|Publication number||US5281137 A|
|Application number||US 07/963,909|
|Publication date||Jan 25, 1994|
|Filing date||Oct 20, 1992|
|Priority date||Nov 4, 1991|
|Also published as||DE69120078D1, DE69120078T2, EP0540800A1, EP0540800B1|
|Publication number||07963909, 963909, US 5281137 A, US 5281137A, US-A-5281137, US5281137 A, US5281137A|
|Original Assignee||Les Produits Associes Lpa-Broxo S.A.|
|Export Citation||BiBTeX, EndNote, RefMan|
|Patent Citations (5), Referenced by (44), Classifications (7), Legal Events (4)|
|External Links: USPTO, USPTO Assignment, Espacenet|
The invention relates to a nozzle holder for bodily, in particular oral, care, by means of a jet of pulsed liquid, formed by a casing/handle comprising a liquid conduit between an inlet connection and an outlet connection intended for the fixing of a nozzle, as well as a valve installed in this conduit and comprising a control button which, in the rest state, carries out the opening of the valve and which can be pressed in order to reduce the passage of liquid and, in its final pressed position, close the valve.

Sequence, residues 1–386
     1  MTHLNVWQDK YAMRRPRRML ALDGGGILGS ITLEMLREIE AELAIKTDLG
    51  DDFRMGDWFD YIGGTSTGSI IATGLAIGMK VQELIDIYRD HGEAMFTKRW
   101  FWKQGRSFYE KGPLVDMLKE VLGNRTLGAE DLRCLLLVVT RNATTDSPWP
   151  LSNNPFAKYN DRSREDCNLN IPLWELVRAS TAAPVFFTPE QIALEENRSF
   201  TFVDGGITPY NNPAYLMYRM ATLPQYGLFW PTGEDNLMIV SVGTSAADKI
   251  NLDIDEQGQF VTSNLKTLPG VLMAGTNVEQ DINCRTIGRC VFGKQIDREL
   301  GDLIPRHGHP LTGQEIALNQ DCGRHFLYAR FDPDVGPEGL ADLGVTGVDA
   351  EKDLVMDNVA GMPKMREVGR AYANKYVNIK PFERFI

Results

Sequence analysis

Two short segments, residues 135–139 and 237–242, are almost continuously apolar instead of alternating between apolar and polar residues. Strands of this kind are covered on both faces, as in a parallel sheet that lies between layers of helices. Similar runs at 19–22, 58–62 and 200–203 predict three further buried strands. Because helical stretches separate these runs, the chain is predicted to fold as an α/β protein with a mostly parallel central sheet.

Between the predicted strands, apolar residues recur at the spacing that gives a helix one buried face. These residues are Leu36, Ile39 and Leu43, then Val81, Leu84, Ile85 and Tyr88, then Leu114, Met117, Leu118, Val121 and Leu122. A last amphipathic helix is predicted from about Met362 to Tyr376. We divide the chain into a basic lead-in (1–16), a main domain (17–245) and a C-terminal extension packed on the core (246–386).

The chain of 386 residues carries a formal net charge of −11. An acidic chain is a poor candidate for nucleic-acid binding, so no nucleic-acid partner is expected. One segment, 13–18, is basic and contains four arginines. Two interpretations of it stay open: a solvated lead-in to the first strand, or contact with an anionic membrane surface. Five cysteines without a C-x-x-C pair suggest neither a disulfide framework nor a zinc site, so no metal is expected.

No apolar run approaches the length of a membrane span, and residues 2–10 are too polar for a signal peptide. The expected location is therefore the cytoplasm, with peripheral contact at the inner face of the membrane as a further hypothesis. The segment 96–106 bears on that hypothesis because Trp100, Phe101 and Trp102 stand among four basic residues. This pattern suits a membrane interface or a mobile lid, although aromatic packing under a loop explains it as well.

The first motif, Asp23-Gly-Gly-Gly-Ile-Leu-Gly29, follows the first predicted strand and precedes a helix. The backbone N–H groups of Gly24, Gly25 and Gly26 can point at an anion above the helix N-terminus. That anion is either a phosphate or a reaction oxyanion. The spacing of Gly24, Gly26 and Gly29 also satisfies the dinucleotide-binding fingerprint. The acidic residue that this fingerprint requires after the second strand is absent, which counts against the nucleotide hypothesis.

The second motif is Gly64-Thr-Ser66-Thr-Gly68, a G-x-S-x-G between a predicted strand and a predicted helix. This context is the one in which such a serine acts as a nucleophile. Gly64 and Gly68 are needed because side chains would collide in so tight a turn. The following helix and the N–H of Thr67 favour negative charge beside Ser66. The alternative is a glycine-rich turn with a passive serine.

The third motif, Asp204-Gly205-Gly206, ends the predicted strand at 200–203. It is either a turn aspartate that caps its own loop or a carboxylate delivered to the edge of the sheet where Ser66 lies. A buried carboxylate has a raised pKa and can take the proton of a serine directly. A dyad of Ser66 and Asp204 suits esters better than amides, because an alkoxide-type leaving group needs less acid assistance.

Nozzle holders of this type, which are fed by a hydraulic pump by means of a pipe, make it possible for the user temporarily to interrupt the passage of the liquid by simply pressing the button which is arranged on the periphery of the casing/handle. This measure makes it possible in particular for the user to change the nozzle without it being necessary to stop the pump and then have to set it in operation again, which is much more practical.